More women could be spared chemo
A new gene test could help tailor treatment for women with a type of early stage breast cancer, according to research published in The New England Journal of Medicine. The Oncotype Dx test predicts how likely hormone receptor positive breast cancer is to return after surgery.
Scientists found that hormone therapy alone was just as effective as a combination of hormone treatment and chemotherapy in women with an intermediate risk of the cancer returning. So these women could potentially be spared chemo and its possible side effects.
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Death rates have taken a dive
Breast cancer mortality rates have fallen by 10% in five years, according to Cancer Research UK figures released in February – with new research, improved treatments and better awareness all playing their part in the big drop. 'It's fantastic to see research saving lives right now, with the rate of women dying from breast cancer dropping year on year,' says the charity's chief executive Sir Harpal Kumar.
3D screening has arrived in the UK
Leading charity Action Cancer has just opened the UK's first 3D breast screening centre in Belfast. While 2D mammograms are generally very safe and reliable, this new technology takes a series of photographs the breast in 3D 'slices', which enables doctors to detect small cancers at an earlier stage – as well as dismiss harmless lumps without the need for further anxiety-provoking tests.
Treatment times could be cut
Six months of treatment could be as effective as 12 for women with a type of early-stage breast cancer, according to a UK trial. Around nine out of 10 women who took the drug Herceptin for six months to treat HER2-positive breast cancer remained cancer-free four years later. The figure was the same for those who'd taken the year-long course.
Scientists have found a way to stop breast cancer spreading
OK, research has only been carried out on mice so far – but it still holds great promise. An amino acid called asparagine plays a critical role in breast cancer spread in mice, according to a study published in Nature. Researchers also found that cutting asparagine out of a mouse's diet halted the spread of the disease. 'So it could be that manipulating levels of asparagine in the body might be used as a way to boost a patient's cancer treatment,' says Professor Greg Hannon, director of Cancer Research UK's Cambridge Institute.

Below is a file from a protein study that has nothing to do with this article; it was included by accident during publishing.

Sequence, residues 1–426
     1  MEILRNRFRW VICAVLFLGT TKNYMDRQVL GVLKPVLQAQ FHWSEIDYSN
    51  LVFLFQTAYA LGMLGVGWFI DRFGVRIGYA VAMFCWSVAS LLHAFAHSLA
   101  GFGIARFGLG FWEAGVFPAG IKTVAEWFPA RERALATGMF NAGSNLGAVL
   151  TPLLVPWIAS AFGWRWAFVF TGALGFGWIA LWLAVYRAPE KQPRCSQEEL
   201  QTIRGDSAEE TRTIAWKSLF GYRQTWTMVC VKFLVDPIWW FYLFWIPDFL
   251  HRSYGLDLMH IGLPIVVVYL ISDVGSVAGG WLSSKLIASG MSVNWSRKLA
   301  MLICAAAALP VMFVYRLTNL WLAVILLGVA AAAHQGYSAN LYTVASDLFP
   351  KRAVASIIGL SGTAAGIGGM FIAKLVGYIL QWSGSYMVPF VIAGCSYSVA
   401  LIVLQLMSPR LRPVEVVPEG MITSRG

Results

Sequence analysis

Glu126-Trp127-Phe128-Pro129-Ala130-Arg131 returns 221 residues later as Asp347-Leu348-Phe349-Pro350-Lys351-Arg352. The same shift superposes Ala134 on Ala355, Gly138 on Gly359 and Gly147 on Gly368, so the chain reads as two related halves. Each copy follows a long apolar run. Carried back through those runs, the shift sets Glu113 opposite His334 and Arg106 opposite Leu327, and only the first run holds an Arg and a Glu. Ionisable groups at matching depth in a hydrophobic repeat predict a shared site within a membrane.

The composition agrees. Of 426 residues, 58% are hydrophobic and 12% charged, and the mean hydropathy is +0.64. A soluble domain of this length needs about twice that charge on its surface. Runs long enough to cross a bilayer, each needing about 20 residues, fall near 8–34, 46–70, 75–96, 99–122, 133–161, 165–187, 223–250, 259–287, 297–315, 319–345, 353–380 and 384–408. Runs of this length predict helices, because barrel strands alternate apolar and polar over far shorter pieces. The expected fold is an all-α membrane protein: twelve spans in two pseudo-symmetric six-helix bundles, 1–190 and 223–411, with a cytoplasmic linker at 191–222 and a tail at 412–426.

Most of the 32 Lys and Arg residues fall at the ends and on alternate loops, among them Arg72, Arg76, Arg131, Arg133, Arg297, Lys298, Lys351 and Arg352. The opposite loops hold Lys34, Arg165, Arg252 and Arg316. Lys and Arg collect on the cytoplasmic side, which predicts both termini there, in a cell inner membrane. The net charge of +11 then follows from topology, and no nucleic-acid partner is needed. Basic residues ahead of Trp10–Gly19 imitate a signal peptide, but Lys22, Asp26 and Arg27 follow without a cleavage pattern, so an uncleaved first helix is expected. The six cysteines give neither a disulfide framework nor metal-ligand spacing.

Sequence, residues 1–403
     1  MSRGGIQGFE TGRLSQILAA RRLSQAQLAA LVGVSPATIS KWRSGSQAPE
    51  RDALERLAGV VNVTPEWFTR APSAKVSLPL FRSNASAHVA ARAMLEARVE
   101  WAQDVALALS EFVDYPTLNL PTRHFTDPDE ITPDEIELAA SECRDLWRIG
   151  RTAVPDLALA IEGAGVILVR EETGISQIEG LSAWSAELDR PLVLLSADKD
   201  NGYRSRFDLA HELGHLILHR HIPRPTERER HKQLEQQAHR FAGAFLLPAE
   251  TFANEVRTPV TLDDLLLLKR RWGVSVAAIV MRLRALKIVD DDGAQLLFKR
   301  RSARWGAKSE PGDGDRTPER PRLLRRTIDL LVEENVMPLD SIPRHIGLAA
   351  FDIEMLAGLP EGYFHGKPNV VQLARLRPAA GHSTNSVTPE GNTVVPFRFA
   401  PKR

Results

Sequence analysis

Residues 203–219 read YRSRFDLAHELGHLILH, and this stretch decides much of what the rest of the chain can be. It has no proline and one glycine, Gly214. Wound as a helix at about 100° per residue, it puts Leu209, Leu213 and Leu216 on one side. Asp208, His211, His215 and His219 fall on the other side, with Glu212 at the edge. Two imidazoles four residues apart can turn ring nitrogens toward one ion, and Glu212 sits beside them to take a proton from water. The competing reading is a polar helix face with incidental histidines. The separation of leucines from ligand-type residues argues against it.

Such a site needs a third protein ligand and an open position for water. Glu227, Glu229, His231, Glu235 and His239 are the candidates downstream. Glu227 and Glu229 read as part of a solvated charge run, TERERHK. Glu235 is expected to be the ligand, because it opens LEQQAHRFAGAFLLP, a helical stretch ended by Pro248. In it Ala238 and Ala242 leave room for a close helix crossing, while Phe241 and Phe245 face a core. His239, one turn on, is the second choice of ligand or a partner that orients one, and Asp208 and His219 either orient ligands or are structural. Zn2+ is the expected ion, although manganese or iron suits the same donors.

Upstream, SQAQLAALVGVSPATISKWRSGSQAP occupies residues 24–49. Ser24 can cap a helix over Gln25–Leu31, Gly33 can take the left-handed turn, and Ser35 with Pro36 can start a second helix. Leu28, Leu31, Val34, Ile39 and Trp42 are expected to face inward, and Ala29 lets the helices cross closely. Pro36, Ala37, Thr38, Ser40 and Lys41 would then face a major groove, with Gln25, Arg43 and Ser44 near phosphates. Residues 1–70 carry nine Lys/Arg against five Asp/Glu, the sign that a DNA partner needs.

Scientists are addressing overdiagnosis
For every woman whose life is saved by breast cancer screening, three will be diagnosed with a cancer that would never have caused problems. For this reason, scientists are investigating the pros and cons of a risk-based NHS screening programme, in which only women deemed at higher risk are offered mammograms. This scheme could result in 27% fewer 'overdiagnosed' cancers, according to a new study published in JAMA Oncology.
New drugs have been approved
Several key drugs have become newly available for NHS patients in England in the past year. Last November saw the long-awaited approval of palbociclib and ribociclib, both of which slow the growth of advanced breast cancers. And in February, the National Institute for Health and Care Excellence (NICE) recommended pertuzumab, which is used in combination with other drugs to treat women with HER2-positive breast cancer.
There's more help available after treatment
More than eight in 10 women with breast cancer aren't told about the possibility of developing anxiety and depression, according to a landmark survey by Breast Cancer Care and Mind. However, a third experience anxiety for the first time in their lives following diagnosis and treatment. Both charities are now calling for everyone with breast cancer to be offered mental health support whenever they need it. Thankfully, new support groups and initiatives are popping up all the time. An example? The free Breast Cancer Care App offers support and inspiration to help women move forward after treatment.
My story: how support helped me when I was diagnosed with breast cancer